Monica Ferrante: For each of those classifications, there’s a typical but not always guaranteed regulatory pathway. For Class I devices, the FDA, in the past several years, has actually exempted a lot of those devices from any pre-market approval process, although there are a few remaining that would require a submission to the agency. Class II devices typically go through what’s called a pre-market notification process or a 510(k). That process is intended to establish substantial equivalence. Basically, it’s a me-too process. There are already products on the market like a ventilator, or a defibrillator, or a radiant warmer, an incubator, whatever, product that’s already on the market that already has certain features and functionality. In those cases, there are all consensus standards for basic safety and performance, so those types of devices would go through the 510(k) process, and they would receive permission or clearance to market after going through the review process.

Monica Ferrante: For a PMA, since it’s new technology or a new indication for use for a current technology and the risk is considered to be high because you don’t know what the risk is at that point, generally, a clinical study is required, a phase-one study or a pilot study on a small population to determine basic safety, and then a pivotal trial which would provide statistical significance of the claims that you want to make for that particular product.

Monica Ferrante: The timeframes for these submissions, there’s a statutory timeframe. For a 510(k), the FDA has 90 days to review your submission. That’s actual review time. Simpler Class II devices will probably go through in a little bit less or in 90 days. More complicated submissions may take longer, particularly if the agency has to ask you for additional information, but their clock or their target timeframe is 90 days. For a pre-market approval, they have 180 days to review all of the information. There will almost always be a request for additional information in a PMA. A PMA that’s reviewed and approved anywhere between 180 days and one year is actually a really great review time, and it means the submission was well-prepared and all of the information that the FDA needed to make their decision was there.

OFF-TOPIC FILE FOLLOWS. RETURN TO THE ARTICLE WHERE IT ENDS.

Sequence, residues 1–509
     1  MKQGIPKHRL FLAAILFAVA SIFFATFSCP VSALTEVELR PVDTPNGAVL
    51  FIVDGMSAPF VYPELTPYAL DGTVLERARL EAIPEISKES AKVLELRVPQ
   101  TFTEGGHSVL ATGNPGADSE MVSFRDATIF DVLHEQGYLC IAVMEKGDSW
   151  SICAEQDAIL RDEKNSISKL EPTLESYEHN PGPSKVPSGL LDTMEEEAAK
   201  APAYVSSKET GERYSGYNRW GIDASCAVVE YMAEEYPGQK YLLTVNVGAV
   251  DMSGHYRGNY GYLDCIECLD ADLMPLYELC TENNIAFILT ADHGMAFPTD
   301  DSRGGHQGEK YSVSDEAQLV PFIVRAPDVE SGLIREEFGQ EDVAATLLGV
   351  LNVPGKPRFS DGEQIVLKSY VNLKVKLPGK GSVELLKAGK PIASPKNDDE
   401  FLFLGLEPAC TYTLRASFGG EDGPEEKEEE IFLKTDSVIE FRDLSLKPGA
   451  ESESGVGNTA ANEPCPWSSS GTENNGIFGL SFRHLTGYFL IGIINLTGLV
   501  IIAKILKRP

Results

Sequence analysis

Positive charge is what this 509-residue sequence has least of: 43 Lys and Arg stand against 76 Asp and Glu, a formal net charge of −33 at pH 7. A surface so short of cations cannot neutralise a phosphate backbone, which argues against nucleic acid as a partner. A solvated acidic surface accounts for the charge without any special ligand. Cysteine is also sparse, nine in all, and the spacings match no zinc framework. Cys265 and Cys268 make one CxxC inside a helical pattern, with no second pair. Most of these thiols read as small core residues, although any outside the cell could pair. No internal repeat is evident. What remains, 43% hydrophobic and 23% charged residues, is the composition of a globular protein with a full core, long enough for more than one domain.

Dan Henrich: Okay, so a 510(k) is limited to Class II products that have what’s called a predicate. Is that correct?

Monica Ferrante: Yes.

Dan Henrich: What about when you’re dealing with a Class II product that … or something that would be defined as a Class II level of risk or will ultimately be defined as a Class II level of risk but doesn’t have a clear predicate? What does the pathway and the timing look like for that?

Monica Ferrante: Okay, so when there isn’t a predicate device, the product is automatically a Class III and requires a PMA. The FDA, several years ago, introduced a process called the De Novo process, which allows for a submission and, pretty much at the same time, a classification of a new device that has low risk. The De Novo submission may look a lot like a 510(k), but it will probably include clinical data. A De Novo submission review time, statutory review time is 120 days. Again, if you have a lot of information to review or if your clinical study has a lot of data associated with it and there are questions, that timeframe can extend, but the statutory timeframe is 120 days.

Dan Henrich: Okay, and so does that mean that, typically, then … You said when a new device, a device without a clear predicate comes to the FDA, they automatically assign it as a Class III. What would be the motivation for trying to get that class brought down to a Class II? Would it help you get through regulatory faster, or would it just lower the barrier for a competitor to come along and cite your device as a predicate?

Monica Ferrante: Well, it does both.

Dan Henrich: Okay.

Monica Ferrante: Actually, the purpose of a De Novo is that the FDA was receiving PMAs, full 180-day, statistically-significant clinical studies on devices that were extremely low risk. Their thinking is that that is not a good use of their time, the taxpayers’ dollars, or the company’s time and resources.